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On-line bestseller. Now in its 2nd Edition.

Latest facts, new images, maps and analysis.



Peace talks between the Thai government and Patani nationalists led by the Barisan Revolusi Nasional Melayu Patani (BRN) drags on with no breakthrough in sight. The fundamental disconnect impacting the peace process is the Dichotomy of Context between the two sides. The Thai government views the dialogue process as a way to rein in and disarm wayward “Thai Muslim Separatists” and to persuade the Patani Malay populace to accept Thai rule albeit with some administrative and cultural concessions. On the other hand, Patani nationalists regard the process as a step towards self-determination in their own land with the ultimate objective of regaining independence and the re-establishment of a Malay Muslim nation state.

After the initial rounds of dialogue coordinated and hosted by Malaysia, the Patani nationalists have hardened their stance, with a series of demands set as preconditions for further talks. These include Thailand’s recognition of the distinct identity, race and language of the Patani Malays; withdrawal of Thai troops from the restive region; peacekeeping duties to be conducted by local security forces; and amnesty for insurgents.


Additional conditions announced in early September 2013 include explicit Thai recognition of the BRN as liberators and not separatists; Malaysia's role to be upgraded from facilitator to mediator; presence of observers from ASEAN, the OIC and relevant NGOs during the dialogue process; a special administrative platform be set up under the Thai constitution; and the unconditional release of all detained suspects or imprisoned insurgents. BRN also sought guarantees for the Patani Malays’ freedom to practice Islam, seek education, conduct business, as well as to remain free from harassment.


Would the Thai state accede to these demands? Would even a partial concession be possible? Is there sufficient political will in Bangkok? What about the influential Thai military? Would Thailand gain from a softer negotiating posture? Could it afford further violence and bloodshed in its soft underbelly? Would these concessions bring peace and a semblance of normalcy to the Patani Region? Could the civilian government of Prime Minister Yingluck Shinawatra push the dialogue process to the next level? Who actually decides for Thailand? What more must be done? What is the end game?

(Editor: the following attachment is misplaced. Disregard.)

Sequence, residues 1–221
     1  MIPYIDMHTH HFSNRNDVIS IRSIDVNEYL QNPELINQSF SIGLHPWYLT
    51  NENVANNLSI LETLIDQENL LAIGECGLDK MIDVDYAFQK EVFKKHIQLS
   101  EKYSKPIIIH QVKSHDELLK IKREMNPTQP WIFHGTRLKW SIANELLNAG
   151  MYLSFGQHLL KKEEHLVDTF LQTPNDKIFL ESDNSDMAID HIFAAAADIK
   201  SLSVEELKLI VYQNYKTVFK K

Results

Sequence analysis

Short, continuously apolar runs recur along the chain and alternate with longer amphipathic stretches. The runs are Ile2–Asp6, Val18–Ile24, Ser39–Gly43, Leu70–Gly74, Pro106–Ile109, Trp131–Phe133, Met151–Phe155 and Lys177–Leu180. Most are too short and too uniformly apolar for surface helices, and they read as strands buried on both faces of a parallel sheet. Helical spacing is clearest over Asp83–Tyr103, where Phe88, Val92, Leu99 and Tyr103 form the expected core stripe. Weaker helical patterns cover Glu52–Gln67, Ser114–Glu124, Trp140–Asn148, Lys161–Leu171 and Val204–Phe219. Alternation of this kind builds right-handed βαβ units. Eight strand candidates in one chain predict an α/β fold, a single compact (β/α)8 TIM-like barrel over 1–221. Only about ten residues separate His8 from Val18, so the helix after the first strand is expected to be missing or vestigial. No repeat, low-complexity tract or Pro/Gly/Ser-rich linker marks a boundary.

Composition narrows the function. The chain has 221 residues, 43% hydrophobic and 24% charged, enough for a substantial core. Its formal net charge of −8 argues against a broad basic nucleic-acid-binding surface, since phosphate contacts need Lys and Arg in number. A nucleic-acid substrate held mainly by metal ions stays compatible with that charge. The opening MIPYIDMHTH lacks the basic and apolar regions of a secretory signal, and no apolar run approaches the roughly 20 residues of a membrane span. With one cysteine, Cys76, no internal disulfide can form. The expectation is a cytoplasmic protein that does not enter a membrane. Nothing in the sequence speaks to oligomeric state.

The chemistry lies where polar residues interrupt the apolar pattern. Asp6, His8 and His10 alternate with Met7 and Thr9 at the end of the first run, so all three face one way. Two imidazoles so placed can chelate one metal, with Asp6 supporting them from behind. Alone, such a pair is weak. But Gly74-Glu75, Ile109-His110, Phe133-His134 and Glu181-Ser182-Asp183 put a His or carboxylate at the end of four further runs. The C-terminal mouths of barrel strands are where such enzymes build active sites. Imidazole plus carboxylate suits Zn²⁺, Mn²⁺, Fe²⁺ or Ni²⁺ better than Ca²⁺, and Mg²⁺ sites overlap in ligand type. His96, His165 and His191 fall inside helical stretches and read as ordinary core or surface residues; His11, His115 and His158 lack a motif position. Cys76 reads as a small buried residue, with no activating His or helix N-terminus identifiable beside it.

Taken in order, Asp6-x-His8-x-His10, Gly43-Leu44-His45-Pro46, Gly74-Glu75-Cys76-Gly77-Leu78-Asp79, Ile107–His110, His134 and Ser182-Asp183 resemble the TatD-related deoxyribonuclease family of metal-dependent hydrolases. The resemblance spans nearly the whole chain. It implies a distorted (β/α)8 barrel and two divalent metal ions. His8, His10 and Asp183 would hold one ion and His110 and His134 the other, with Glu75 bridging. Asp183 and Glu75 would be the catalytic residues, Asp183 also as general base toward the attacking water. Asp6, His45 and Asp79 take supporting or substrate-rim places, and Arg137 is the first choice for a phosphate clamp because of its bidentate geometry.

Get the book to find out.




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Patani: Behind The Accidental Border
2nd Edition. The Search for Elusive Peace



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The insurgency in Thailand’s southernmost provinces of Pattani, Yala, Narathiwat and Songkhla, collectively defined as the Patani Region, is the most misunderstood conflict in the world today. In relative terms, the toll on human lives over the past half decade is surpassed only by the Iraqi and Afghan conflicts. But unlike those well-reported hotspots, very little is known about the Patani insurgency – its root causes; the identity and objectives of the main players; the historical context; the role and legitimacy of the Thai state; the sentiment of the populace – and this multifaceted ignorance sustains the ongoing socio-political tragedy. The insurgency has been vividly painted by many as a religious conflict perpetrated by misguided “Thai Muslims,” effectively calibrating all discourses towards a Pan-Islamist terrorism agenda.